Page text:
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(Dec 24, 2009) The Goods and Services Tax Bill 2009 was tabled in the Malaysian Parliament on December 16, 2009. The Second Finance Minister, Ahmad Husni, stated that the government expects a goods and services tax (GST) at a rate of 4% to be implemented by mid-2011. (Goods and Services Tax Bill Tabled in Dewan Rakyat, BERNAMA (Malaysia), Dec. 16, 2009, available at

The GST would replace the existing single-stage sales tax (with a general rate of 10%) and service tax (5%) imposed under the Sales Tax Act 1972 and the Service Tax Act 1975. The Minister stated that companies with revenue of less than MYR500,000 (about US$145,000) would be exempt from the GST, as would about 70% of small- and medium-sized enterprises. (Id.) There would also be exemptions for certain essential goods, including agricultural products and basic foods such as rice, fish, meat, and chicken. (Id.)

The Minister said that, with the implementation of the GST, the government would collect revenue of MYR13 billion in the first year, compared to the current annual MYR12 billion. Businesses would save MYR4.1 billion in taxes, with export sectors saving MYR1.4 billion. "The main purpose for the government to introduce the GST is to make the current taxation system more comprehensive, efficient, effective, transparent and business friendly," the Minister said. (Id.)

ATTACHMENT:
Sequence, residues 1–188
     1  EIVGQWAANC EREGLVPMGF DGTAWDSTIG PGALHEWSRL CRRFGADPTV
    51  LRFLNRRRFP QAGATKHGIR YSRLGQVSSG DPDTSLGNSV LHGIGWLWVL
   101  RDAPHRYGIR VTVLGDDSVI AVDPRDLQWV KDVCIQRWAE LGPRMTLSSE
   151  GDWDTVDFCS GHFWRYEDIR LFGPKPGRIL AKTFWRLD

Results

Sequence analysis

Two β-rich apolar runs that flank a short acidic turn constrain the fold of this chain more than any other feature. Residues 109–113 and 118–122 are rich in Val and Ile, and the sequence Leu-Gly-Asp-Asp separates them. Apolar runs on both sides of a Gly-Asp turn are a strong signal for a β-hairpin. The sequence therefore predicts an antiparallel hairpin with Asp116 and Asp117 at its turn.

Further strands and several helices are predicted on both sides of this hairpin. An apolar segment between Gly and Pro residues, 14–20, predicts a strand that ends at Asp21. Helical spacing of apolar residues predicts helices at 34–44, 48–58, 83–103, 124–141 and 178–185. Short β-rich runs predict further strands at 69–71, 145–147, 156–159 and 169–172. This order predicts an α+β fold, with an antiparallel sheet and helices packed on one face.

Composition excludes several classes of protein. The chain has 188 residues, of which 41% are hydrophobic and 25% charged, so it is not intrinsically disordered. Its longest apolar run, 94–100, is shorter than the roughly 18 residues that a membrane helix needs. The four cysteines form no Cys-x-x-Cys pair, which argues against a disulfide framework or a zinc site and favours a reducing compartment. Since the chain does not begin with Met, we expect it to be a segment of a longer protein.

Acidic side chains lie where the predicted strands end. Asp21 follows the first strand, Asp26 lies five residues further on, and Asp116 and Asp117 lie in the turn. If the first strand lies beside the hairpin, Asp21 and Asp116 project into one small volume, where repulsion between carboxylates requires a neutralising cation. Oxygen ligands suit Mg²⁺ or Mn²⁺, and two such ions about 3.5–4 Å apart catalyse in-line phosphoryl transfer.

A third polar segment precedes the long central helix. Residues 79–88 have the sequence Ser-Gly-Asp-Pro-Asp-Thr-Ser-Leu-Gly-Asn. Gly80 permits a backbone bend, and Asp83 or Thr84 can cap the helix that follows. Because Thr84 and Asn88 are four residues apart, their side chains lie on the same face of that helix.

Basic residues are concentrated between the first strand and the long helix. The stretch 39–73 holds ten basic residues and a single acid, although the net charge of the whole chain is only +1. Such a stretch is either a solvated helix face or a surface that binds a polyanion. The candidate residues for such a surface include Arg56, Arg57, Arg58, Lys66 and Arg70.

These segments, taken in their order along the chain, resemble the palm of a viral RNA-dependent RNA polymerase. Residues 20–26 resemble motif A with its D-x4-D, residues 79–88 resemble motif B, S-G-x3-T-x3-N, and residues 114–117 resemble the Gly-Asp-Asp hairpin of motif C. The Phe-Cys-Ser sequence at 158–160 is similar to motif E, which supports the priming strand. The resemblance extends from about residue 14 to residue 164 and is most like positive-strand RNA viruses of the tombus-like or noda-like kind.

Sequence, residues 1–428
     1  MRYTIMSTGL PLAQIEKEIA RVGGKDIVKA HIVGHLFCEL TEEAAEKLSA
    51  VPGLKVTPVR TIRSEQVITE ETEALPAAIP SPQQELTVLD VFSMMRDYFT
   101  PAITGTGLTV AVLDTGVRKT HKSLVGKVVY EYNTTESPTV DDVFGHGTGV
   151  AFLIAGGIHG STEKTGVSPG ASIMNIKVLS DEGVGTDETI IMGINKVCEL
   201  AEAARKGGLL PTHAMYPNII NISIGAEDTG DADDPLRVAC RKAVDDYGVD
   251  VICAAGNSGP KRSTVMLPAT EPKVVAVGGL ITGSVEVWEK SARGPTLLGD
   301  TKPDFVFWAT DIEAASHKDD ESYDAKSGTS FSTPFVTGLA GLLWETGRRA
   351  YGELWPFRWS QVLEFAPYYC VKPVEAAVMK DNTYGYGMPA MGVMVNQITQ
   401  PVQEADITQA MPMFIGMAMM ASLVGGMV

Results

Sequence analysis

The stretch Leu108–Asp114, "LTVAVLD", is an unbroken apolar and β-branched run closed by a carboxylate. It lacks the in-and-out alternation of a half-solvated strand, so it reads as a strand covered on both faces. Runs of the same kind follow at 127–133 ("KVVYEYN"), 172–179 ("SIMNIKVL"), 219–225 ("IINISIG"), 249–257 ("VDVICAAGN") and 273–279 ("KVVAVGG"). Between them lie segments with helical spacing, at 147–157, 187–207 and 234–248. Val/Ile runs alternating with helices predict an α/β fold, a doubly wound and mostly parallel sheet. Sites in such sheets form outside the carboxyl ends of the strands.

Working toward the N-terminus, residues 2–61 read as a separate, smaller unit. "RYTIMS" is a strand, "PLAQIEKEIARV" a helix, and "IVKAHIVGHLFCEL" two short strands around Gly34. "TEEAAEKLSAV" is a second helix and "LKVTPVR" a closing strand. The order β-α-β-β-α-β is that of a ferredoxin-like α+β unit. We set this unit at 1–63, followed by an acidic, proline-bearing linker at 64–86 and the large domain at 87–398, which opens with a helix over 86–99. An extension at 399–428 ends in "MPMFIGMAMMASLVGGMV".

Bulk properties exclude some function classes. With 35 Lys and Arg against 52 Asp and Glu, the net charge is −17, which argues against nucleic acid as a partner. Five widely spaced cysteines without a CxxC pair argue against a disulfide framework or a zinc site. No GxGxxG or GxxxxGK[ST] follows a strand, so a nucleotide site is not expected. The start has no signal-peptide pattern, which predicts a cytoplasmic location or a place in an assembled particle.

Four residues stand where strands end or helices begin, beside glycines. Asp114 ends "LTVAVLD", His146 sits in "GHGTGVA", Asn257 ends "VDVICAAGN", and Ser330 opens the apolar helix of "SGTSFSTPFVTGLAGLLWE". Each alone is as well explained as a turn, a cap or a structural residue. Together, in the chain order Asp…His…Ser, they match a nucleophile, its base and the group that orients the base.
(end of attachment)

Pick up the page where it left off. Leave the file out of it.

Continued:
The government had previously announced plans to introduce a GST from January 1, 2007, but put these on hold following concerns from the private sector about system requirements and the need for a long lead-in time. (Deferment of GST a Wise Move, Says PIKOM, BERNAMA (Malaysia), Feb. 23, 2006, available at

Author: Kelly Buchanan More by this author
Topic: Taxation More on this topic
Jurisdiction: Malaysia More about this jurisdiction

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Last updated: 12/24/2009